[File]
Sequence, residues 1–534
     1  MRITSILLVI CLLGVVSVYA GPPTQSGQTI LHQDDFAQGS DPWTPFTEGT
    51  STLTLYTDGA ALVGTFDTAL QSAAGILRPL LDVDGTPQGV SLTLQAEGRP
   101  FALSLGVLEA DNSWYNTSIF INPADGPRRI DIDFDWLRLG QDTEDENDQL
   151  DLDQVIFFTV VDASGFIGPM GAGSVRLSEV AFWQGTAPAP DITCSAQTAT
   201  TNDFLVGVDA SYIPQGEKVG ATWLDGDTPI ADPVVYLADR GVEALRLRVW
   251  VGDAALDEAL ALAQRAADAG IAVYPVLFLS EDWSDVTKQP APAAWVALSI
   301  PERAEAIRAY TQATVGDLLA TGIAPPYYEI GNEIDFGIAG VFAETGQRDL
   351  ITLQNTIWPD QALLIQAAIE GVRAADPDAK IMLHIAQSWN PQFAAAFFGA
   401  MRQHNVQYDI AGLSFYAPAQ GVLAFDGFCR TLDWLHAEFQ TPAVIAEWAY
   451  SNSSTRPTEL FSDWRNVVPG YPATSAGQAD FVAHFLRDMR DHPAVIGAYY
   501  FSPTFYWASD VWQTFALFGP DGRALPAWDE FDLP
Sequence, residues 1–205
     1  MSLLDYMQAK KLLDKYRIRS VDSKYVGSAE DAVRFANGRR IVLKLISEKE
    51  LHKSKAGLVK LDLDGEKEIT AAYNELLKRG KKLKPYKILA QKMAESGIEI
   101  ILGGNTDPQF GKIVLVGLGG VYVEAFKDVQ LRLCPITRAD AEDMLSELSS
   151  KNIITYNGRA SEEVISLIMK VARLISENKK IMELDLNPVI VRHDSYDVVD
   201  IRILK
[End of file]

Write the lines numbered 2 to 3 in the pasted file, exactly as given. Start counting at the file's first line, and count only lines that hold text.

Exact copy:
     1  MRITSILLVI CLLGVVSVYA GPPTQSGQTI LHQDDFAQGS DPWTPFTEGT
    51  STLTLYTDGA ALVGTFDTAL QSAAGILRPL LDVDGTPQGV SLTLQAEGRP